Hi. Altough there are many threads about this topic "exception being thrown by JVM / Programmatically" (and I already read all of these), but still I can't see the difference and I will try to be more clear than the other posts by showing an example of this (confusing) point.
Questions number 5 from chapter 6 says: Which of the following exceptions are thrown by the JVM? And among the options there are two: NullPointerException (the right answer is thown by jvm) and NumberFormatException (right answer, thrown by the programmer). And my question is why.
NullPointerException and NumberFormatException are unchecked and if I do this:
String cad = null;
cad.trim() // NullPointerException (thrown by jvm)
Integer.parseInt("abc"); // NumberFormatException (thrown by the programmer)
So my question is why if both are unchecked exceptions, in the second example we say that NumberFormatException is thrown by the programmer. What does it do NumberFormatException to be thrown by the programmer if I didn't anything different than in case of NullPointerException?. Can someone tell me please which is the difference that I can't see? .
In the first case, it's not Java code that is throwing that exception.
It's a part of the JVM that does it.
In the second case, if you look at the parseInt method you'll see the Java code throwing the NumberFormatException.
It was written by a Java programmer.
posted 1 week ago
Hi Dave. Thanks for your answer. So I realize based in your answer that NulPointerException is thrown by jvm becase it is never present on the signature of a method by "throws" (altough i can make a method that throws a NullPointerException) unlike NumberFormatException that is actually present in methods like parseInt. So for this, NumberFormatException is programatically and NullPointer by jvm. Is this right for you?.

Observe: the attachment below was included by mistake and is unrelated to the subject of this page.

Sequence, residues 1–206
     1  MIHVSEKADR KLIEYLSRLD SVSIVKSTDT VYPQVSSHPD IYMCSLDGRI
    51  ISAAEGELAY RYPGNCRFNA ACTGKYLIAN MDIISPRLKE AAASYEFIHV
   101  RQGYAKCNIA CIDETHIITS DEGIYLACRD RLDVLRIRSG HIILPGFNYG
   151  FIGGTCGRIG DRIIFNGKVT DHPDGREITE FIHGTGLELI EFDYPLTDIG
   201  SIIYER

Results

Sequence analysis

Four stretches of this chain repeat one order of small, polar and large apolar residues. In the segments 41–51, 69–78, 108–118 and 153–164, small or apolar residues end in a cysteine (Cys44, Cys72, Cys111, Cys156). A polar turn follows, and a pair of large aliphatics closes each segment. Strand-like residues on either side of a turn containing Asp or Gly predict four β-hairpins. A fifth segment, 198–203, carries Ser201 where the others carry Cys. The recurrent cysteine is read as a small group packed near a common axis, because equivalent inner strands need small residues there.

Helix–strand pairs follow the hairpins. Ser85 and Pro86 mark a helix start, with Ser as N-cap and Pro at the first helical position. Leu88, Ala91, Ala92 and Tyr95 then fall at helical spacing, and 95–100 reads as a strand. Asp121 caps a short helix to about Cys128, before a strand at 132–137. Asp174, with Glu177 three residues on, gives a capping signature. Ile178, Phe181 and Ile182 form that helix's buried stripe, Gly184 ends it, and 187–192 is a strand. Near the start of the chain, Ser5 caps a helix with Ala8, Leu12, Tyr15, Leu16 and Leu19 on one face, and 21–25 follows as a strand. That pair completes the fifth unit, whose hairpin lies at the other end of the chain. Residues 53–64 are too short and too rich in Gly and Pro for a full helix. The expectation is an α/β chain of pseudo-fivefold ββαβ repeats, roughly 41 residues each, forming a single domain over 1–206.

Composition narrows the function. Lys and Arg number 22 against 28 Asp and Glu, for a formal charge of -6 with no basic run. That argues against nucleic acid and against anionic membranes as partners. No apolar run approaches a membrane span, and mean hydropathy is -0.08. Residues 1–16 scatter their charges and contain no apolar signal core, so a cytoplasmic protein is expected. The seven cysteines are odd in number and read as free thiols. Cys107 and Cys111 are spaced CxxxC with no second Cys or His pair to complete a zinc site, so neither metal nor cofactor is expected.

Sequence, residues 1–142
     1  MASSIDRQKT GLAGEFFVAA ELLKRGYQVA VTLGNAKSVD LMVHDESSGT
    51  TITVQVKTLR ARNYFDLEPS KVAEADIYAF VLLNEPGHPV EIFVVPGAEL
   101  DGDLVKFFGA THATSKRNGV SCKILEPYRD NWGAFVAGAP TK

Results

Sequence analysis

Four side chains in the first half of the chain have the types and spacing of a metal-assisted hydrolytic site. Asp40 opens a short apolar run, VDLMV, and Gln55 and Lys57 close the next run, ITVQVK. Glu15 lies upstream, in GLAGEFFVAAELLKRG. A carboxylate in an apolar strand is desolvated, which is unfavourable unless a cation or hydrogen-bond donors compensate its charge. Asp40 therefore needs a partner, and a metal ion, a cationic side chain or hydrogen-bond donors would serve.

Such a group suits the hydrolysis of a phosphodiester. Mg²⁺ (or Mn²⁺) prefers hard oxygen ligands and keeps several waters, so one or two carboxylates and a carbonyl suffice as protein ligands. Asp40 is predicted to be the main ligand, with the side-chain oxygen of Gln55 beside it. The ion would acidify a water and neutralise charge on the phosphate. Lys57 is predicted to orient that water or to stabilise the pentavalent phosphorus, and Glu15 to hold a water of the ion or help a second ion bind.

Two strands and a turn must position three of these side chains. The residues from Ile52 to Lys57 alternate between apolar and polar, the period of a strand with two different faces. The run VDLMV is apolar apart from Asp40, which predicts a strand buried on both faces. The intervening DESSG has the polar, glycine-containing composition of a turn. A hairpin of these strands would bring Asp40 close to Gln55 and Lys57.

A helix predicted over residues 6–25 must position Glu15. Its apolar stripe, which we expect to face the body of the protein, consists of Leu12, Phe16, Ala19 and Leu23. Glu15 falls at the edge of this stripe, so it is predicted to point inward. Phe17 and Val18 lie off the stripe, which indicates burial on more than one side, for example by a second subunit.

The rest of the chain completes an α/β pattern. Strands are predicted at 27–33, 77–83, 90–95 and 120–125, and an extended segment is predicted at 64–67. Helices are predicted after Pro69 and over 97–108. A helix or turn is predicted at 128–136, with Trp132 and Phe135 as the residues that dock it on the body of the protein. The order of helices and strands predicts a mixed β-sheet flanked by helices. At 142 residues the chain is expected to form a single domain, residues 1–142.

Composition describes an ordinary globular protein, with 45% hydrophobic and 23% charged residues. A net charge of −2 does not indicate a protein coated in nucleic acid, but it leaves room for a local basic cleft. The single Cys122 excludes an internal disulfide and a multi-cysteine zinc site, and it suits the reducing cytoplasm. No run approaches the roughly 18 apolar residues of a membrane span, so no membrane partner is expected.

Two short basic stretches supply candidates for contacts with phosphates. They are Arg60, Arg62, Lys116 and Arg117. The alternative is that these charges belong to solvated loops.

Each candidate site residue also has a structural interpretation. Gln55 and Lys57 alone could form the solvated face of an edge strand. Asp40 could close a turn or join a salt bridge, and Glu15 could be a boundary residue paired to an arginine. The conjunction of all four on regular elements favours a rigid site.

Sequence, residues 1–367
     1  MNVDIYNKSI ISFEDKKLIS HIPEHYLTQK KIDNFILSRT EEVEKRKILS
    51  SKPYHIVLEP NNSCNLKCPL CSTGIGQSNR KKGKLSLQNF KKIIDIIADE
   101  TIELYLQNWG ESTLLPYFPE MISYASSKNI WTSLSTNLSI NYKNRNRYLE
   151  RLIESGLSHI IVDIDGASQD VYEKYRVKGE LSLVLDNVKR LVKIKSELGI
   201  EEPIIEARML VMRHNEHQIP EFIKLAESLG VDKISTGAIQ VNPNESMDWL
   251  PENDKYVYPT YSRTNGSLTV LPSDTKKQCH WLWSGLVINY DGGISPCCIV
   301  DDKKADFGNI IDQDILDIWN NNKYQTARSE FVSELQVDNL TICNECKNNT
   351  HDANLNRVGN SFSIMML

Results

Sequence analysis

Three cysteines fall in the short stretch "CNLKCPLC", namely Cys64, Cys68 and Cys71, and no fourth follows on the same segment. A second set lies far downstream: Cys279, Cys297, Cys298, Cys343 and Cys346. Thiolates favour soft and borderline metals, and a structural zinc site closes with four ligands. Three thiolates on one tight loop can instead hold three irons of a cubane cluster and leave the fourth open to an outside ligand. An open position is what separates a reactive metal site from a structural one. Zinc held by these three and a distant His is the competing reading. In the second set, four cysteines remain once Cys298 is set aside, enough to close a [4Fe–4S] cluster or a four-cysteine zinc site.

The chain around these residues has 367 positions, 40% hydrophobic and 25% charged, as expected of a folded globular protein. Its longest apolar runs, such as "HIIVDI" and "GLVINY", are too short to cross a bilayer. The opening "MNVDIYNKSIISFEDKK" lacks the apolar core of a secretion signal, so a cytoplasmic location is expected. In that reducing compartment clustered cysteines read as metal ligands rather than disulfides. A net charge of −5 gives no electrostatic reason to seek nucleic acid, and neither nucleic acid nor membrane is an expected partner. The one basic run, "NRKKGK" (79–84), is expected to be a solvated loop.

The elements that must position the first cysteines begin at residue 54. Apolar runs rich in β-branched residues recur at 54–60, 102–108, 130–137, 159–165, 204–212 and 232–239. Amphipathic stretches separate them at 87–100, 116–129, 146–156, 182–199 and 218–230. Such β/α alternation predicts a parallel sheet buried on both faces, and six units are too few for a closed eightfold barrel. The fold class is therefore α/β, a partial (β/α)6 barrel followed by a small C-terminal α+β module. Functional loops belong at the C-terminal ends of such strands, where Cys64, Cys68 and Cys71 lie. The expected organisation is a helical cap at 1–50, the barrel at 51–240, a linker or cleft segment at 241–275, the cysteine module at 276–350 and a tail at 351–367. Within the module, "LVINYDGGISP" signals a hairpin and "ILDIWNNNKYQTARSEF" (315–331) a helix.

posted 1 week ago
It's not the method signature, it's the code itself.
Inside the code for parseInt there are several checks, for example:
and more complex ones that check the individual characters.
That's what makes it a programmer exception. The JVM doesn't have any code inside it to throw this exception.
For a null pointer exception, it can be thrown by the JVM, when you try and call a method on a null reference.
Basically, but the more important question is: Why?
And the answer is that sometimes the JVM simply doesn't know how to continue.
The most common situations that arise inside a program are NPE (NullPointerException) and integer division by 0 (ArithmeticException), but there are other problems, like stack overflows and I/O issues, that the JVM can't recover from, so it throws an exception automatically.
Part of your job, as a programmer, is to foresee potential problems (especially NPEs) and try to deal with them before they happen so that the JVM doesn't have to.
Hope it helps.
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